November 2013 didn’t feel like November with several wintry blasts after a briefly mild beginning. The month averaged 3 degrees F below normal (exactly the same as last year, tying with 2008 too for coldest of the 2000s), and we achieved several cold weather milestones.
November 2013 saw three days with high temperatures below 40F (11/24, 11/25, 11/3o), which was the most since 1956. The two-day period one week ago (Sunday, the 24th -Monday, the 25th) was the coldest since 1970. The high temperature of 34 that Sunday (Nov. 24) was the coldest high in November since 1987.
Here is how all three major reporting stations shook out for the past month with regard to temperature and precipitation:
Dulles was the coldest compared to normal, but National picked up the most rain. It is interesting that all three airports were within .13″ of each other, which is more common in the winter months when large-scale weather patterns prevail instead of localized features such as thunderstorms. Normal rain at the three airports is 3-3.5″.
Here is more on both temperature and precipitation for the month that was November 2013:
Temperatures in detail
While the average temperature for November 2013 and 2012 were the same, this year’s version saw colder days by mid-to-late month than last year. We had five days with lows in the 20s, while last year had none. Here is the day-by-day year-on-year comparison for reference:
Both years saw days that were warmer than normal, but 2013 had a few more overall even though its colder days were colder. The standard deviation on temperatures was about five degrees last year, but was closer to eight degrees this year. You can definitely see that on the chart above with 2013 looking much more like a heart monitor than 2012! In terms of rankings for the 2000s, you can see the range of coldest to warmest Novembers here:
The triple play of coldest Novembers are on the left including the last two years, while the warmest November was twelve years ago back in 2001 with the average monthly temperature being just a bit over eight degrees warmer than this year’s outcome, an impressive range.
For official temperature records, we had a couple cold ones. Baltimore’s high of 32F on Sunday November 24th tied with 1880 for the coldest high on that date. Dulles also had a high of only 32F that day, which beat the 1971 record of 36F.
November was on track to be a much drier-than-normal month, but then a heavy rain system last week brought the local water tables back into balance. In fact, Dulles set a daily record rainfall of 1.72″ on Tuesday, Nov. 26th, beating 1996’s 1.02″.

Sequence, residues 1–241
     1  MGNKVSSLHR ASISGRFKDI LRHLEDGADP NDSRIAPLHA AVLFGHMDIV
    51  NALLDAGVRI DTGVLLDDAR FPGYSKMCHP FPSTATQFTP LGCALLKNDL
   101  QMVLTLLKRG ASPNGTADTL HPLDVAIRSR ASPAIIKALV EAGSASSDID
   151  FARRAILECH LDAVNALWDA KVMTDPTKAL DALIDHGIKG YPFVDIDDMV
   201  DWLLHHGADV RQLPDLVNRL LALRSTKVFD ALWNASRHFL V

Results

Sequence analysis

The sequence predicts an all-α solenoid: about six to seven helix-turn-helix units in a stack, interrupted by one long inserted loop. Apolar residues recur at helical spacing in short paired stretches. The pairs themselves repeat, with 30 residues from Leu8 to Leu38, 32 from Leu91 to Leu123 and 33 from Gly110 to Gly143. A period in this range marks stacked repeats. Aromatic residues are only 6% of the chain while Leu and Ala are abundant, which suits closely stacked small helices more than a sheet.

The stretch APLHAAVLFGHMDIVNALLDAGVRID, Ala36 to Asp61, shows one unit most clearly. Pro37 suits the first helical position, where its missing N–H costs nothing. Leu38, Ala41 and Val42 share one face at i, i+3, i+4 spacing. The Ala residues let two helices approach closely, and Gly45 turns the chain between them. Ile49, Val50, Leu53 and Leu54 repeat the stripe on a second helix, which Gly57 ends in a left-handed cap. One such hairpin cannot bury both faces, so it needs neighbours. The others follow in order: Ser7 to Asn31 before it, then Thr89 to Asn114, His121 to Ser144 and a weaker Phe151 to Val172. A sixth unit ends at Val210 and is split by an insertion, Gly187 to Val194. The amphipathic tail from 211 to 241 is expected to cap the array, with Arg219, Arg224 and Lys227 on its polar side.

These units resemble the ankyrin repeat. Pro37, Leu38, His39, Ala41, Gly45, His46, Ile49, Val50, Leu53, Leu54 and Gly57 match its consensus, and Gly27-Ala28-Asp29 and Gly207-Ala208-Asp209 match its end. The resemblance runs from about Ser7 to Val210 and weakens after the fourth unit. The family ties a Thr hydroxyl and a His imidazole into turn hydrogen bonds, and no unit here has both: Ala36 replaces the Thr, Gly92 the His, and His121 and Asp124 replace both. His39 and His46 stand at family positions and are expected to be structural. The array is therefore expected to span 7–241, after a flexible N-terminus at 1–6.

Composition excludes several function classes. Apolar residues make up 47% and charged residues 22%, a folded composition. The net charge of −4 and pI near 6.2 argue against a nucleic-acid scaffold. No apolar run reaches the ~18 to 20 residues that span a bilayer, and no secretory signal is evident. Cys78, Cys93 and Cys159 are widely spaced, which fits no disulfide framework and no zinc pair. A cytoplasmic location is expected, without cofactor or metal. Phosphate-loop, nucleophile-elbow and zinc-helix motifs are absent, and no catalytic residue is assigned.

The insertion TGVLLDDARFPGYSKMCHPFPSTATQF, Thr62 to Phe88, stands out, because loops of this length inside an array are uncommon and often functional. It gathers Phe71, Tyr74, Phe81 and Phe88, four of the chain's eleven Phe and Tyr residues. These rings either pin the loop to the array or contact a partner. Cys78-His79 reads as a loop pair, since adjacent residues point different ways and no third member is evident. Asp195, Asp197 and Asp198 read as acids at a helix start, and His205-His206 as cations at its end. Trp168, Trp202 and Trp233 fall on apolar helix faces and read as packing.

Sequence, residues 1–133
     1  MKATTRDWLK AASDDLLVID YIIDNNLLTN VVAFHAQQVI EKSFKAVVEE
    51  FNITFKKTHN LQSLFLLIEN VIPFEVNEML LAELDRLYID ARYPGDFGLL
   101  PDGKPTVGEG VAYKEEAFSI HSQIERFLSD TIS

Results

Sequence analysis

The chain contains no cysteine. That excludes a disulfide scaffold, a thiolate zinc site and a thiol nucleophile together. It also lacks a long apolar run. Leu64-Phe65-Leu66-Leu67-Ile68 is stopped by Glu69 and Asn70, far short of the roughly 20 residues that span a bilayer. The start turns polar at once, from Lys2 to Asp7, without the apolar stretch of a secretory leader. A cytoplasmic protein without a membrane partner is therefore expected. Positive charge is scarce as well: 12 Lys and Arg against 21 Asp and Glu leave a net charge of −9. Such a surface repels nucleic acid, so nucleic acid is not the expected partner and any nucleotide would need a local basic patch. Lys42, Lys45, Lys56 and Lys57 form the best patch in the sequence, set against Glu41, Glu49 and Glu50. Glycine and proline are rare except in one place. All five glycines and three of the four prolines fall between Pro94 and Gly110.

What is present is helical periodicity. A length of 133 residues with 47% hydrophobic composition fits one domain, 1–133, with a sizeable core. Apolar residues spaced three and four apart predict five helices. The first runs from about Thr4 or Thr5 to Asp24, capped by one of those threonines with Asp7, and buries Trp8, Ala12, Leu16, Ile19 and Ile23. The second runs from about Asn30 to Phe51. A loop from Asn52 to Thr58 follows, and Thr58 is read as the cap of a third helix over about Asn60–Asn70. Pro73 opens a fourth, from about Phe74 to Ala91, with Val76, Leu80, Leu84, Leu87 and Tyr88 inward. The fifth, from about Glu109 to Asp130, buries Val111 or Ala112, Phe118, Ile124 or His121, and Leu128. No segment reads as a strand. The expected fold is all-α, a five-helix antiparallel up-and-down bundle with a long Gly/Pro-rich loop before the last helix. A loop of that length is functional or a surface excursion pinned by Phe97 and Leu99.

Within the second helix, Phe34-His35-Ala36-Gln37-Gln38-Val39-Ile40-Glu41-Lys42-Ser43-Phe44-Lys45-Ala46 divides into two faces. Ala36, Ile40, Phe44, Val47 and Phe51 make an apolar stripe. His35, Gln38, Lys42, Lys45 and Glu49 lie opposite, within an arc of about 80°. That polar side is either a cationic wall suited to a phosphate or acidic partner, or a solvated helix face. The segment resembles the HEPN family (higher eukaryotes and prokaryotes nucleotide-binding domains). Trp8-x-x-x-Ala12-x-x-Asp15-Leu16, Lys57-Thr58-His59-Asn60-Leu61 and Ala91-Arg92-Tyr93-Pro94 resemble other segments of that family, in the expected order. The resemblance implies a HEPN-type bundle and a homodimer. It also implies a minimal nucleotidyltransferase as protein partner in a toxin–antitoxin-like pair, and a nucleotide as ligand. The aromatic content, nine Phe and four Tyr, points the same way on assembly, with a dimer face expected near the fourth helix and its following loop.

The chart below shows how November 2013 fared against the other years of the 2000s (it was the 57th wettest all-time):
All-in-all, 2013 was really in the middle of the pack compared to other Novembers of this new century, but it was quite a bit wetter than last year’s result. You can track the daily rainfall events compared to last year below and can see that if we hadn’t had that bigger storm last week, we’d probably have performed as one of the driest Novembers of the 2000s instead.
November’s middle-of-the-road result has kept the year-to-date precipitation anomaly running in surplus (+2.02″).
The weather pattern
November had a fascinating weather pattern. Conditions over the North Pole and over the North Atlantic were the type that usually favor warmer weather over eastern North America. Factors such as a positive Arctic Oscillation (+AO) and a North Atlantic Oscillation (+NAO) would have led most forecasters to expect a warmer-than-normal November. But pulsing upper level ridging in the North Pacific into the Alaska area kept forcing Polar air masses south into the U.S. to drive the colder regime. This situation is known as a negative Eastern Pacific Oscillation (-EPO), and it literally stole the show this past month as shown below.
The -EPO pattern described above is expected to still drive colder air masses into the Lower 48 over the next two weeks, but these cold air masses may struggle a bit more to reach the East Coast than they did in November due to the development of some Southeastern U.S. warm upper level ridging. The current thinking is that the first half of December should be quite variable (there are concerns about mixed precipitation next week) with a slight colder-than-normal result ultimately, but warmer pattern changes are possible in the second half of the month as Alaskan upper level ridging may retreat to the Bering Sea or even Northeast Asia, which would considerably diminish its influence on our area. So we may be able to define December as a colder-leaning start and a warmer-leaning finish, but confidence is still quite low on the second half of the month yet.
The National Weather Service only has the D.C. area in the EC category meaning equal chances for above, below, or normal temperatures and precipitation just like they did last month. This is unfortunately not very helpful for our area. You can see their depiction here.
For further information
The National Weather Service publishes nice monthly assessments usually within a week of the close of each month (should be available shortly):
You can click on your closest airport location here:
Capital Weather Gang’s Ian Livingston contributed to this post.